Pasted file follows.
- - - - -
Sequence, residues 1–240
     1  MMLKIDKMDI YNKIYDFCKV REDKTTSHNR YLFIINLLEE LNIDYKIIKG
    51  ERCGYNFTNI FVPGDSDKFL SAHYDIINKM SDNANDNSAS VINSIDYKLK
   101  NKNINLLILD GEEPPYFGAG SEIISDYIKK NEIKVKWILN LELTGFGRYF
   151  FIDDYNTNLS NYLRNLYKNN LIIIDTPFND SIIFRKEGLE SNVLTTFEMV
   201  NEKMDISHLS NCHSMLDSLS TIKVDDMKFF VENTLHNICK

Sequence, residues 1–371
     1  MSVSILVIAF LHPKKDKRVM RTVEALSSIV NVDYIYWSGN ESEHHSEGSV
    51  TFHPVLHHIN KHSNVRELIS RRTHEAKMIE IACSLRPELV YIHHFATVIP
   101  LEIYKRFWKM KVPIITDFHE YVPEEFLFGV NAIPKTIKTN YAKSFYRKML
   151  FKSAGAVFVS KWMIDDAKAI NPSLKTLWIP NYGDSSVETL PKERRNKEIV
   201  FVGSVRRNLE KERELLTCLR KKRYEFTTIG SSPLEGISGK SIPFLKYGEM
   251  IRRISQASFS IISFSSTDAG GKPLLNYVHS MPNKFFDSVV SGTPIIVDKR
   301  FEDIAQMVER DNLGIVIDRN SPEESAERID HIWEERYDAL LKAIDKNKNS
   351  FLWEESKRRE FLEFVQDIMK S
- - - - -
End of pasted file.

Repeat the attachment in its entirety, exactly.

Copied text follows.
Sequence, residues 1–240
     1  MMLKIDKMDI YNKIYDFCKV REDKTTSHNR YLFIINLLEE LNIDYKIIKG
    51  ERCGYNFTNI FVPGDSDKFL SAHYDIINKM SDNANDNSAS VINSIDYKLK
   101  NKNINLLILD GEEPPYFGAG SEIISDYIKK NEIKVKWILN LELTGFGRYF
   151  FIDDYNTNLS NYLRNLYKNN LIIIDTPFND SIIFRKEGLE SNVLTTFEMV
   201  NEKMDISHLS NCHSMLDSLS TIKVDDMKFF VENTLHNICK

Sequence, residues 1–371
     1  MSVSILVIAF LHPKKDKRVM RTVEALSSIV NVDYIYWSGN ESEHHSEGSV
    51  TFHPVLHHIN KHSNVRELIS RRTHEAKMIE IACSLRPELV YIHHFATVIP
   101  LEIYKRFWKM KVPIITDFHE YVPEEFLFGV NAIPKTIKTN YAKSFYRKML
   151  FKSAGAVFVS KWMIDDAKAI NPSLKTLWIP NYGDSSVETL PKERRNKEIV
   201  FVGSVRRNLE KERELLTCLR KKRYEFTTIG SSPLEGISGK SIPFLKYGEM
   251  IRRISQASFS IISFSSTDAG GKPLLNYVHS MPNKFFDSVV SGTPIIVDKR
   301  FEDIAQMVER DNLGIVIDRN SPEESAERID HIWEERYDAL LKAIDKNKNS
   351  FLWEESKRRE FLEFVQDIMK S